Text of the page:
Skip to content
Massachusetts Eye and Ear



Phone number forEye Care Appointments


Glaucoma is a group of disorders that damage the eye’s optic nerve, resulting in vision loss or blindness. In most cases, the nerve damage is caused by increased pressure inside the eye.

In healthy eyes, a fluid known as aqueous humor is continually produced and drained. However, if the drainage canals do not work correctly, the fluid can build up in the eye, causing elevated eye pressure. While glaucoma is more common at high eye pressures, it can also happen when eye pressures are low.

In glaucoma, nerve fibers of the optic nerve are destroyed, leading to vision loss. Glaucoma typically gets worse slowly, over years, but those with very high eye pressures can lose vision quickly. Glaucoma is progressive, and if untreated, can lead to substantial vision loss and even blindness.

At present, vision loss from glaucoma cannot be restored. Therefore, prompt diagnosis and careful monitoring is essential.

Forms of Glaucoma


In most cases, glaucoma develops slowly. There may be no symptoms for many years because central visual acuity is maintained until late in the disease. Early signs of glaucoma include cloudy vision, as well as difficulty seeing when there are changes in lighting. In the advanced stage of the disease, blind spots may be noticed.

Without proper treatment, glaucoma can lead to blindness. Because glaucoma usually has no symptoms until late in the disease, it is important to have routine eye evaluations. Regular eye exams, early detection, and treatment, can prevent vision loss from glaucoma.

Potential Causes and Risk Factors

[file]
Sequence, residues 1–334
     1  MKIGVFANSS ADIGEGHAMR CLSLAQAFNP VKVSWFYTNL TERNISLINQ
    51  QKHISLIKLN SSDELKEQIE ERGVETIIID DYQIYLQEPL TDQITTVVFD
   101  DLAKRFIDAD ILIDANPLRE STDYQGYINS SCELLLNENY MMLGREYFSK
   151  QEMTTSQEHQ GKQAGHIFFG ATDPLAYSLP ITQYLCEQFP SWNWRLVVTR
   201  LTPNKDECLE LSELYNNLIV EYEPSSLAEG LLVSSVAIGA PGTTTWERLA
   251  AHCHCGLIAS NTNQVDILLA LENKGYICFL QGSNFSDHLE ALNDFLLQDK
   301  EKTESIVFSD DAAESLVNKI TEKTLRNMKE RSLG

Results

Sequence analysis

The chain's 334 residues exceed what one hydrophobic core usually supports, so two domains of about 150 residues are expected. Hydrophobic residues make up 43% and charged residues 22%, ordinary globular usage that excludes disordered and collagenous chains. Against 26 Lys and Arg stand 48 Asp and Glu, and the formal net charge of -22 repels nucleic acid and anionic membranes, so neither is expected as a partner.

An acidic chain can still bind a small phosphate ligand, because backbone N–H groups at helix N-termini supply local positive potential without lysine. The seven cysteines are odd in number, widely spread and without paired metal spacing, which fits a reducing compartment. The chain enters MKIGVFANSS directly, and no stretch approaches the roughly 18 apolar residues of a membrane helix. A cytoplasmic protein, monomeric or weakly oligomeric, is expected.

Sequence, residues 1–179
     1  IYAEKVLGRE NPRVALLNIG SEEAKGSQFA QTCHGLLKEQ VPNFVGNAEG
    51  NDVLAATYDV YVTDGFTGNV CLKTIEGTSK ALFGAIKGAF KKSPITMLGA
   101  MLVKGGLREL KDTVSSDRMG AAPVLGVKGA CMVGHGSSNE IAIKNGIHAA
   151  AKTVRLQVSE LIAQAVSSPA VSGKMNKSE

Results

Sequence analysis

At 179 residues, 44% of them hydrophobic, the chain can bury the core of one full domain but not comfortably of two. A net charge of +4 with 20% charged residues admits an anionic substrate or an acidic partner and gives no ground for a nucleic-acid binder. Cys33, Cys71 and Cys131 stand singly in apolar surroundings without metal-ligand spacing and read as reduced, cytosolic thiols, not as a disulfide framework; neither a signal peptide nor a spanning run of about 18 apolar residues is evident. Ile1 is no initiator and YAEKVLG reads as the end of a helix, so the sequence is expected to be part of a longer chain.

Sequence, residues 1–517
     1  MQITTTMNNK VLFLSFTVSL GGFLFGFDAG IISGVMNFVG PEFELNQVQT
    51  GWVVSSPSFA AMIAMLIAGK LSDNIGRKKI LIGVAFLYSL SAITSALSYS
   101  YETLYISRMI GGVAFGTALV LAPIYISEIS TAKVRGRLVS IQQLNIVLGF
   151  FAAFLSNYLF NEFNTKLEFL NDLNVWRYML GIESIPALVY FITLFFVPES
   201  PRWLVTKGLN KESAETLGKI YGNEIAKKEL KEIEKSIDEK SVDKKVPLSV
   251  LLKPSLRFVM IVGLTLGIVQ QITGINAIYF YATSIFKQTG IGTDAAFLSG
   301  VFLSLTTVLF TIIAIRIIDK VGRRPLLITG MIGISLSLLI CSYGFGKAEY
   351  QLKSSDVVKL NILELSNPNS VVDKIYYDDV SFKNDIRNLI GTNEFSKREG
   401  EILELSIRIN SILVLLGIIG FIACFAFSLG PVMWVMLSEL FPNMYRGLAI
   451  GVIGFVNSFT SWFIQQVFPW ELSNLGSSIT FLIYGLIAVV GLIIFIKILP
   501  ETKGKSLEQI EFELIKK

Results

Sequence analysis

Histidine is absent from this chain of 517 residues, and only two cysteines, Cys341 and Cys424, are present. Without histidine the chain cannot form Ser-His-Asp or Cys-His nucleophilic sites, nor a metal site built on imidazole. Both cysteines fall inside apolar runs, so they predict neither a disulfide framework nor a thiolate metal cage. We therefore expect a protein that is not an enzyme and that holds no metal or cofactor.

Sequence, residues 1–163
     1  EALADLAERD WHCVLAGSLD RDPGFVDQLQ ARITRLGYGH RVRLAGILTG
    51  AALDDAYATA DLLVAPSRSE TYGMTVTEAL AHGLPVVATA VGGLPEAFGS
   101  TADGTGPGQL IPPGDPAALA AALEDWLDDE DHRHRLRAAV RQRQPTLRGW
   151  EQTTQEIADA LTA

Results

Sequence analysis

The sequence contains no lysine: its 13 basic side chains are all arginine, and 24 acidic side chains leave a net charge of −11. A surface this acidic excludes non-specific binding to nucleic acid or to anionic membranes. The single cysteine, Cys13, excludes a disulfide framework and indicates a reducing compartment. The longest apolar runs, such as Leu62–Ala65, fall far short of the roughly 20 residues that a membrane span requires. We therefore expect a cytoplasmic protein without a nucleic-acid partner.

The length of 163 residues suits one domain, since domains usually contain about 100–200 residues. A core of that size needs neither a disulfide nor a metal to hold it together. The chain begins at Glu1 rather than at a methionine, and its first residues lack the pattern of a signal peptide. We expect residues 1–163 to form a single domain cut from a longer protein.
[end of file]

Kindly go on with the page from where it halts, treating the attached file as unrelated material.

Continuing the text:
The exact cause of optic nerve damage from glaucoma is still unclear. Although glaucoma is much more common in older adults, it can develop at any age.

You may have an increased risk for having glaucoma if you:

  • Are older than 60 years (rates increase after the age of 60 and are fairly high in older people)
  • Have a first-degree relative with glaucoma
  • Are of African or Hispanic descent (higher risk of open-angle glaucoma)
  • Are of Asian descent (higher risk of angle-closure)
  • Have a history of a major eye injury
  • Have had multiple eye surgeries for chronic eye conditions
  • Are highly near-sighted or far-sighted


During a glaucoma exam, your ophthalmologist will:

  • Take your medical and family histories
  • Measure your eye pressure
  • Inspect your eye’s drainage angle
  • Examine your optic nerve for damage
  • Test your side vision using a “visual field” testing machine
  • Take a picture or computer measurement of your optic nerve
  • Measure the thickness of your cornea

Genetic testing may be recommended if you or a family member develop the disease before age 50. Among its many benefits, genetic testing can be used to diagnose disease, improve the accuracy of a patient’s prognosis, identify gene mutations that could be passed on to children, and help guide genetic counseling.


The goal of treatment is to slow or stop the progression of vision loss. Depending on many factors, such as your age and the type and severity of your glaucoma, treatment may include medications and/or surgery. Learn more about our Glaucoma Service

Meet Our Team

Board-certified and specialty trained in glaucoma, our physicians are well-equipped to treat the full spectrum of glaucoma disorders, including complex conditions like keratoprosthesis-related glaucoma.